When I was a kid, there was nothing more relaxing than sitting down for an afternoon with a model kit. Snipping the parts off the board, patiently gluing everything together, painting each careful brushstroke, and delicately placing each decal was a process that was almost meditative. After leaving the hobby behind in my teenage years, I’ve been chasing the same feeling ever since.
Don’t ask me why I can’t simply go and buy a model kit today, for whatever reason it just doesn’t hit the same as it used to. But last week I came very close to recapturing those old vibes when I sat down with Last Call BBS, the last release from indie studio Zachtronics.
Presented as a computer-within-a-computer experience, you inherit an old PC and explore what was left on its drive (or available to it on an old dial-up connection). Last Call BBS is basically a collection of short, sharp puzzle experiences, exactly the kind of thing Zachtronics has become known for over the last decade.
Most of them are great (like the one about a mall food court factory), and the whole retro computer aesthetic tying it all together (and its crunchy, accompanying sound effects) is also wonderful, but one minigame in particular stood out for me: Steed Force Hobby Studio.
As you can see in the intro paragraph in the picture up top, it’s presented as a way for anime fans to get the same feeling they would from building an expensive, imported model kit, only without all the cost, hassle and glue. The pitch says it’s “just as cool, or maybe even better” than the real thing, and I’m almost inclined to agree.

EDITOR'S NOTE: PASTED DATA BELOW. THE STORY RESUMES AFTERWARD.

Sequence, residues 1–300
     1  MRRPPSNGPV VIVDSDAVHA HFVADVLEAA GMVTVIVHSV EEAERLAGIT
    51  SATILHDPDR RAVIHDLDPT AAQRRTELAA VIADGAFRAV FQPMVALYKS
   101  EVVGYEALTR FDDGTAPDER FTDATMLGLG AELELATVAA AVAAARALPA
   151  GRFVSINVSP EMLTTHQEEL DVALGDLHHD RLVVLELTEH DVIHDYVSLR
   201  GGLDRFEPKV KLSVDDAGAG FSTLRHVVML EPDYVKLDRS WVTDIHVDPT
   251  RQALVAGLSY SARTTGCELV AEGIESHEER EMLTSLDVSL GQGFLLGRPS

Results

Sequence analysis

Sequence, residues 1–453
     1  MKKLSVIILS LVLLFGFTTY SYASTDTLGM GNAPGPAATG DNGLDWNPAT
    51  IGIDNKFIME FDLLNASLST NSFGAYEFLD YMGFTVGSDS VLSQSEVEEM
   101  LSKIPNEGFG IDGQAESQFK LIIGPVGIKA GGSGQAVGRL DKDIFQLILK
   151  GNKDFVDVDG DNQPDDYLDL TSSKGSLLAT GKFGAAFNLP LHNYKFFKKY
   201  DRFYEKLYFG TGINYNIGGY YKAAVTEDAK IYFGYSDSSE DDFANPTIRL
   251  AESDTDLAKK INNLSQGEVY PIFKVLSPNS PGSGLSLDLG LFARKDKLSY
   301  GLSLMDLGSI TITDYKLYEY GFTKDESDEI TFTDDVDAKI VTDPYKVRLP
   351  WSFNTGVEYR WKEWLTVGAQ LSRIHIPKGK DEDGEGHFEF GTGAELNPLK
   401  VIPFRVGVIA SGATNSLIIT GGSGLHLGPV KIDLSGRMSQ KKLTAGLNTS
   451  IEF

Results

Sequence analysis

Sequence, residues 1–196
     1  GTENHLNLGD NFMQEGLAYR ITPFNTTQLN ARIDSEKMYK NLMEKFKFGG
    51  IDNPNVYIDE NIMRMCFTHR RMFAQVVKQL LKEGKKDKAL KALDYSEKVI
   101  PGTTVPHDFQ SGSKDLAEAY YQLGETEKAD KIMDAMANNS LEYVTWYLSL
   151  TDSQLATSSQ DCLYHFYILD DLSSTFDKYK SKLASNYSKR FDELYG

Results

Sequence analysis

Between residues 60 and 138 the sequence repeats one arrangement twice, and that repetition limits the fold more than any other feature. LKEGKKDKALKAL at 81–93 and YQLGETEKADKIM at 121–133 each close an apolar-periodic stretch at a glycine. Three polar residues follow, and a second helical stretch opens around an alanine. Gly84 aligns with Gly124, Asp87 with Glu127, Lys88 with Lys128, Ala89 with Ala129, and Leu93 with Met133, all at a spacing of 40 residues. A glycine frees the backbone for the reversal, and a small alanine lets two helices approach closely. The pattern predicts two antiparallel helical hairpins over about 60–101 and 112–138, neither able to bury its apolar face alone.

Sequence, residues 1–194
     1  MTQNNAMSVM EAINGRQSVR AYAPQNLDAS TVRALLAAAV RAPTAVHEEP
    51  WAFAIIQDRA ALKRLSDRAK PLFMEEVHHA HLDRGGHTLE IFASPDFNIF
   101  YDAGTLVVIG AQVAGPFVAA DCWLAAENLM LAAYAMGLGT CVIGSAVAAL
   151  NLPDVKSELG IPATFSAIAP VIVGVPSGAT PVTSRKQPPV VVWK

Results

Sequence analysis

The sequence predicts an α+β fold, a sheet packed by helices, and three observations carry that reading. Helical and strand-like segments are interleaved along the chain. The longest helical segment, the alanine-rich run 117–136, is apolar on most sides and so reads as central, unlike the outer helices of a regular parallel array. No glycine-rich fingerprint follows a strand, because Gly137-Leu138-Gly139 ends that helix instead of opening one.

The game gives you a model kit in its rawest, out-of-the-box state, equipping you with a set of tools, some paint, and then simply letting you at it. The entire process plays out in exactly the same way it would in real life: you need to snip every piece of plastic free of its backing, reading the instructions to find out where each component goes in relation to the others.
When you’re finished building the model—the only significant shortcut to the actual experience being a merciful lack of glue—then it’s time for the real fun to begin. The construction side of Steed Force Hobby Studio is streamlined and simplified, so you only need to bring two connecting pieces near each other and they’ll magnetically and perfectly snap into place. This would lead you to believe that painting the model is just as easy, but hahaha, lmao, no.
Aware of the truth inherent in model-building, SFHS knows that anyone can build the thing, because the pieces are made to come together and there’s a manual showing you how to do it. But painting a model, well, that requires something else. It takes skill.
So here, painting is a laborious process, requiring a huge amount of patience. You don’t just click on panels and magically turn them different colours; painting is instead done like an actual paint program, with paint going anywhere you point the airbrush, and so you need to use tape to mask areas off.
It’s a pain in the ass, and I made a ton of mistakes while learning how to do it, and then...well, and then I figured it out, and suddenly I’d mastered something that was both methodical (the building) and expressive (the painting) and that old meditative feeling came creeping back.
(Note that, yes, you can be a freak and paint every piece before assembling them, which is a bit easier, but what kind of psychopath is that prepared? If I want to be recapturing my youth I’ll be building my models like an idiot kid, thank you very much.)
The experience hasn’t been as messy, or as time-consuming, but it hads indeed come pretty close to the real thing. What’s more, the whole retro packaging of Last Call BBS really helps with the feelings of nostalgia, since the computer dated back to around the same time I had been into building models myself.
If you want to try Last Call BBS—or even just Steed Force Hobby Studio—I have good news and bad news. The good news is that it’s available now! The bad news is that this is the last new game Zachtronics is ever going to release.